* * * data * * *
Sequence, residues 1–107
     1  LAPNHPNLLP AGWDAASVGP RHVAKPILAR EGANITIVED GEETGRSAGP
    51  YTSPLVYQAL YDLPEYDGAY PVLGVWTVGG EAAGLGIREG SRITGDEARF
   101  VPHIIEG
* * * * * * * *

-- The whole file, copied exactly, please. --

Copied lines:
Sequence, residues 1–107
     1  LAPNHPNLLP AGWDAASVGP RHVAKPILAR EGANITIVED GEETGRSAGP
    51  YTSPLVYQAL YDLPEYDGAY PVLGVWTVGG EAAGLGIREG SRITGDEARF
   101  VPHIIEG